Lost Edinburgh: The Heart of Midlothian

The Heart of Midlothian which marks where the Tolbooth Prison once stood. Picture: TSPL

The Heart of Midlothian which marks where the Tolbooth Prison once stood. Picture: TSPL

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There can’t be many football clubs in the world named after a dancehall, a novel, or an early 19th century jail, but Heart of Midlothian Football Club can claim all three.

When Edinburgh’s much-feared Old Tolbooth prison was demolished in 1817, the town’s inhabitants seemed determined that its legacy would not be forgotten.

World-famous pen swinger, Sir Walter Scott, managed to salvage one of the jail’s doors for his Abbottsford home and made mention of the Old Tolbooth numerous times in his novel ‘The Heart of Midlothian’ (1818) which detailed the Porteous Riots of 1736. The title of the book was a direct reference to the Old Tolbooth, which had become known to all and sundry as the Heart of Midlothian since the 18th century. The precise location on the High Street was later marked out using granite setts in the shape of a heart. It has since become a local custom to spit on the heart for good luck – much to the bewilderment and disgust of the unwitting tourist.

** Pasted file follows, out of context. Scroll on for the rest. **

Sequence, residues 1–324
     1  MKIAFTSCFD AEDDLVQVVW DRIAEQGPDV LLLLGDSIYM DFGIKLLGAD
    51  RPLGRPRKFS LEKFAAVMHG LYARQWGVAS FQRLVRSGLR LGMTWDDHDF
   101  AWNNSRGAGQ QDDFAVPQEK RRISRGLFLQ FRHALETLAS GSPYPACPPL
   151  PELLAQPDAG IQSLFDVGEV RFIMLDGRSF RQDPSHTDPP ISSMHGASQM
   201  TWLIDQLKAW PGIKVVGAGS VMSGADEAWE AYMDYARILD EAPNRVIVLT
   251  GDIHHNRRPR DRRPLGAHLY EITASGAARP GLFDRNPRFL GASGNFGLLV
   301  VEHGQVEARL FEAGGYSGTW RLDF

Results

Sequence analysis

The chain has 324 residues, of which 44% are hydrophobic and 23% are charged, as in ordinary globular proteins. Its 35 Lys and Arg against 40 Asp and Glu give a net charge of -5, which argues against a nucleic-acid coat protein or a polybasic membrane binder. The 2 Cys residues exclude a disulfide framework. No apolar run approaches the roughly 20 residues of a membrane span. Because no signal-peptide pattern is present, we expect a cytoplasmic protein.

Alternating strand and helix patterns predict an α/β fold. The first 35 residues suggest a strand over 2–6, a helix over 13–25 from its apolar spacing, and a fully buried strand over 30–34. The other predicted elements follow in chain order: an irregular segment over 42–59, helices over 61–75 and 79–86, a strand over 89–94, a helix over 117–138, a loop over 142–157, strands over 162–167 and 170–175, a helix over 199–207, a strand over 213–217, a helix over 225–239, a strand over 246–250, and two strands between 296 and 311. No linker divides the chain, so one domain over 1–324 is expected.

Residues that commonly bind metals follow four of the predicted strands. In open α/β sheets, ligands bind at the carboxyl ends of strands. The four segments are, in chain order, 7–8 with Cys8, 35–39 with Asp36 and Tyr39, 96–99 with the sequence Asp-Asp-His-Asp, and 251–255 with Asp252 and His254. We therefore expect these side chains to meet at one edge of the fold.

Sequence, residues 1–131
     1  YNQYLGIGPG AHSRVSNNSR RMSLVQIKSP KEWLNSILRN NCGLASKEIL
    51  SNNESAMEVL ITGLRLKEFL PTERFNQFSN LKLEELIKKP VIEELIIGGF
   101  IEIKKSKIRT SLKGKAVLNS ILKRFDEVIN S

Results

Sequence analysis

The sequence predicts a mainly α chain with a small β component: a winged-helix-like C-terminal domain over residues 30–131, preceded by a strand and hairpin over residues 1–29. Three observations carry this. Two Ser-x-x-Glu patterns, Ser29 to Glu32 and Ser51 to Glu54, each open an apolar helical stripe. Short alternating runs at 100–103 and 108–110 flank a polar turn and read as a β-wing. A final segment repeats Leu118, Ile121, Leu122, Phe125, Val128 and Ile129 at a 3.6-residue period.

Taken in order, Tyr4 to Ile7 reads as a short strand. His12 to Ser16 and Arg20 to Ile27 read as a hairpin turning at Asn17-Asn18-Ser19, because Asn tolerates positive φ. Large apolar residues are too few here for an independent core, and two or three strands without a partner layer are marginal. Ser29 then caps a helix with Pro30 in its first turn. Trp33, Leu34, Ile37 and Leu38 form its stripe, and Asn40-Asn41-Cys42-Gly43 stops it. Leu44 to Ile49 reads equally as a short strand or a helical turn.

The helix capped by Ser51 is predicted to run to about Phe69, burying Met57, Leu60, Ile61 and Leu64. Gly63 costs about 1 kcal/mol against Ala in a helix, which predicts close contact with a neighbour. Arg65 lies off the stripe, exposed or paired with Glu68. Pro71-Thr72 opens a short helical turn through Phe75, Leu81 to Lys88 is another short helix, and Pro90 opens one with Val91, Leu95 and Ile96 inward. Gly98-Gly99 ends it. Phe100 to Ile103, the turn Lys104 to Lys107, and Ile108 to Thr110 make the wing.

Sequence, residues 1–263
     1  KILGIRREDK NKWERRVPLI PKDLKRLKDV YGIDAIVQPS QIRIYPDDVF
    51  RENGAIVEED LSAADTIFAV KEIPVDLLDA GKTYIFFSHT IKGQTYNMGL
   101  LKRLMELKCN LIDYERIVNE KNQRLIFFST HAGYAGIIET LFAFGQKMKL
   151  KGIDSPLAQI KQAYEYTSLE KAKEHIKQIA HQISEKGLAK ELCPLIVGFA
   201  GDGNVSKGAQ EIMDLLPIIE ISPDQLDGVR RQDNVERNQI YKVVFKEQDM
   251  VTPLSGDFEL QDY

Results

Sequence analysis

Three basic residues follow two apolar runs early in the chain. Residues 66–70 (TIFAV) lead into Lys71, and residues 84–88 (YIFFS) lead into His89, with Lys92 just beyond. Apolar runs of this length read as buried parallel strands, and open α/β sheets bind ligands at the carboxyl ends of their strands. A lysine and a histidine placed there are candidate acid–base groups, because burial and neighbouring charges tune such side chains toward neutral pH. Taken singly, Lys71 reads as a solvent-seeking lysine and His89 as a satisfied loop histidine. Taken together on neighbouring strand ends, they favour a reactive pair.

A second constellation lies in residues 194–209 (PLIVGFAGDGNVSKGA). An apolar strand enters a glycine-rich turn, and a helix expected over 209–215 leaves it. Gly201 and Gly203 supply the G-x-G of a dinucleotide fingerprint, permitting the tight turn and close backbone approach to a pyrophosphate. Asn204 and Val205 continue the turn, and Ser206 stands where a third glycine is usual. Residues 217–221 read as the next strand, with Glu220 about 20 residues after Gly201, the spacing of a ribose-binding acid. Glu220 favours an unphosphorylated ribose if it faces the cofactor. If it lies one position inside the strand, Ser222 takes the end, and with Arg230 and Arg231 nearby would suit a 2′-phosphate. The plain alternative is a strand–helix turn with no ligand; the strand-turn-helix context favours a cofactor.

Fast forward to 1874 to a group of young Edinburgh men who wished to translate their fine footwork on the dancefloor to that of the football pitch. The Old Town dancehall which they frequented was called the Heart of Midlothian and it was this name which they ‘borrowed’ for their new football club. Their legacy and the legacy of the Old Tolbooth continues to this day.

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